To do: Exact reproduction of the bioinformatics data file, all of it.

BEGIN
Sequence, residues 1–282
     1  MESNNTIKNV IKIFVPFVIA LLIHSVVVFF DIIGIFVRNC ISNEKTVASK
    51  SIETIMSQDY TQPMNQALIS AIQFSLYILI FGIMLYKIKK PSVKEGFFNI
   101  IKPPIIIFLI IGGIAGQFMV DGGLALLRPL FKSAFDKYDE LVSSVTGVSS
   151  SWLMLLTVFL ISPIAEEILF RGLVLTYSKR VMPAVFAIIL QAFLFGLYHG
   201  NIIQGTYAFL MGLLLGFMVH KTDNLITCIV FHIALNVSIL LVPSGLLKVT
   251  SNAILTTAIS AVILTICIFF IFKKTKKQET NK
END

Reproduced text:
Sequence, residues 1–282
     1  MESNNTIKNV IKIFVPFVIA LLIHSVVVFF DIIGIFVRNC ISNEKTVASK
    51  SIETIMSQDY TQPMNQALIS AIQFSLYILI FGIMLYKIKK PSVKEGFFNI
   101  IKPPIIIFLI IGGIAGQFMV DGGLALLRPL FKSAFDKYDE LVSSVTGVSS
   151  SWLMLLTVFL ISPIAEEILF RGLVLTYSKR VMPAVFAIIL QAFLFGLYHG
   201  NIIQGTYAFL MGLLLGFMVH KTDNLITCIV FHIALNVSIL LVPSGLLKVT
   251  SNAILTTAIS AVILTICIFF IFKKTKKQET NK